Pope Francis has arrived in Kazakhstan for a three-day visit that will include an interfaith conference — a trip overshadowed by the fact that he will not be meeting with the head of the Russian Orthodox Church, Patriarch Kirill, while there.
On Wednesday and Thursday, the leader of the Catholic Church will participate in the conference, where he will meet worshippers of various faiths from 50 countries.
However, Patriarch Kirill — a vocal supporter of the war in Ukraine — cancelled his visit last month after Pope Francis stated he would not have a tete-a-tete with the head of the Russian Orthodox Church on the conference sidelines.
Since Russia’s full-scale invasion of its western neighbour in late February, Francis has repeatedly emphasised his anti-war stance, and Moscow’s aggression is likely to be a major talking point during the event.
Unlike the pope, Patriarch Kirill represents only one branch of the highly-decentralised Orthodox Church, which is in theory led by the Ecumenical Patriarch of Constantinople, Bartholomew I, seated in Istanbul.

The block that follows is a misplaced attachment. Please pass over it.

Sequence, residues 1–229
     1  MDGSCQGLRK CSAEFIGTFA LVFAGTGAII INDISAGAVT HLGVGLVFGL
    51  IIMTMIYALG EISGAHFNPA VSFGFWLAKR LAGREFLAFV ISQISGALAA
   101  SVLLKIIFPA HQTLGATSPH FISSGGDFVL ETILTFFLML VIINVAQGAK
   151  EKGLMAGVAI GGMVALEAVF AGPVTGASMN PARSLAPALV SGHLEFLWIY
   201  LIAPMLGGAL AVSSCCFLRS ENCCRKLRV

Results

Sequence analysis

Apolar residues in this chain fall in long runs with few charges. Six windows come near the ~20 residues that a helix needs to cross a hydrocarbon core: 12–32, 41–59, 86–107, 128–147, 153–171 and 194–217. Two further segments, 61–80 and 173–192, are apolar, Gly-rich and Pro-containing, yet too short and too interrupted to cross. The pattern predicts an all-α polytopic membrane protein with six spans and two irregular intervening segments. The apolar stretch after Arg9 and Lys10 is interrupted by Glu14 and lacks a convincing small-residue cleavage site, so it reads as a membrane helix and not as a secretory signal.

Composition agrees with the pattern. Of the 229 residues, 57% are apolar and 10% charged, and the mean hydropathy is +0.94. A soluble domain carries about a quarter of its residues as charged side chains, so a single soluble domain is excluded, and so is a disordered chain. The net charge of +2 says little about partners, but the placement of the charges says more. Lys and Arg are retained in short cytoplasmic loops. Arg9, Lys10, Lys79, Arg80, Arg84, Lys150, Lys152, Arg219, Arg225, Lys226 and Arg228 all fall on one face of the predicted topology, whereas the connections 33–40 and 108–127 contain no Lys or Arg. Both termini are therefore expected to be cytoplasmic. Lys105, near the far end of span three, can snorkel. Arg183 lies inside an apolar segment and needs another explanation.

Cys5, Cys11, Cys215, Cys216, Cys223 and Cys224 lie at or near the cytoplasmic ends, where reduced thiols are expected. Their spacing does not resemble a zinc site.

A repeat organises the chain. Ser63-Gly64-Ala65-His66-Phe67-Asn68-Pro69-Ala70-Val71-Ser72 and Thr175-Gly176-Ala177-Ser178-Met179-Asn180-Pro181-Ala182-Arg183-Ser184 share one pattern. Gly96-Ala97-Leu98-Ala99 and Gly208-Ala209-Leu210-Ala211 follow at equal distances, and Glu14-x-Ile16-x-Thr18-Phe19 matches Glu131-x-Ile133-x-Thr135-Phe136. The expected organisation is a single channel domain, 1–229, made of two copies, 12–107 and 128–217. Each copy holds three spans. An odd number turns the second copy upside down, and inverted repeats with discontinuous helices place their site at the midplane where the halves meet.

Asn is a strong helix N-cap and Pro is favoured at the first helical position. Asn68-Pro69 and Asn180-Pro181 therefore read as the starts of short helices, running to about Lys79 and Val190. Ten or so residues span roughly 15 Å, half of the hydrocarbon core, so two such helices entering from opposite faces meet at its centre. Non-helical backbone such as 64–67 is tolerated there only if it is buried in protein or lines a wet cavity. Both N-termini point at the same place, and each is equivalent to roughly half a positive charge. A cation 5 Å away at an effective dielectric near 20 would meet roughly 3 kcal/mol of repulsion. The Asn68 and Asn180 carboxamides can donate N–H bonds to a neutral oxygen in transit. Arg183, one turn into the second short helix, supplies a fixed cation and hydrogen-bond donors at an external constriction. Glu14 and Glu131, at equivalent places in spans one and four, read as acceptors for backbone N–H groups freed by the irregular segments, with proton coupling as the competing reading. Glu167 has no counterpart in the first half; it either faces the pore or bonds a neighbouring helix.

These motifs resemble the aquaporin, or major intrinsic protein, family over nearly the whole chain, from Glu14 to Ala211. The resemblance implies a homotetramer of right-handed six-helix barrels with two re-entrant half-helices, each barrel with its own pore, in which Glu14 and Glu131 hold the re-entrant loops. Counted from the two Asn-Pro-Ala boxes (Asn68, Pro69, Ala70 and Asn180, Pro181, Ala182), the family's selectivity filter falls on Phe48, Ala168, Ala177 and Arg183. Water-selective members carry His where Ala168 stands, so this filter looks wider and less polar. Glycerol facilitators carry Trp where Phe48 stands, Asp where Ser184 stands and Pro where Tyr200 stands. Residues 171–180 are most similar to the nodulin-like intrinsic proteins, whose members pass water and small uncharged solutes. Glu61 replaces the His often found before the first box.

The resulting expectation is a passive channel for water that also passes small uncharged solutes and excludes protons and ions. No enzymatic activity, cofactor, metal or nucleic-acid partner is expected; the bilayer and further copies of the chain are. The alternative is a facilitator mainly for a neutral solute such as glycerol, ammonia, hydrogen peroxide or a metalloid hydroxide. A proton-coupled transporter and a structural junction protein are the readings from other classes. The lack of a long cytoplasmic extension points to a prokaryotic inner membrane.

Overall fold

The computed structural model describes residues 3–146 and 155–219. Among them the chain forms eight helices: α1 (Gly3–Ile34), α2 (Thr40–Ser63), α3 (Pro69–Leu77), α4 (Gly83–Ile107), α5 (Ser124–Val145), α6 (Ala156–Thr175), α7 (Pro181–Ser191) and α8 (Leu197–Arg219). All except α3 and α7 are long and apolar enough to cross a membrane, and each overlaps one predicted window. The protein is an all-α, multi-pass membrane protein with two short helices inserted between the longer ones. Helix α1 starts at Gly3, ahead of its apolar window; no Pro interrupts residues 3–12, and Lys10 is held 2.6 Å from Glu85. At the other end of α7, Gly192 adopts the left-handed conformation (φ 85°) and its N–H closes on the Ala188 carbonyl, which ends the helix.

The Ecumenical Patriarch — considered to be “first among equals” — and the Russian Orthodox Church have long debated whether the former holds the ultimate decision-making authority over the rest of the Orthodox churches or if its power is exclusively limited to its own patriarchate.
Francis will also be in Kazakhstan at the same time as Chinese President Xi Jinping, who has embarked on his first trip outside of his country since the COVID-19 pandemic began. But there are no current plans for the two to meet, according to the pope. “I am always willing to travel to China,” Francis said, however.
Beijing and the Vatican have not had diplomatic for more than half a century, but in 2018, the two agreed on a controversial deal regarding the appointment of bishops. The exact details of the accord, which has to be renewed every two years, are secret.
The Pope will visit Kazakhstan’s small Catholic community during his trip.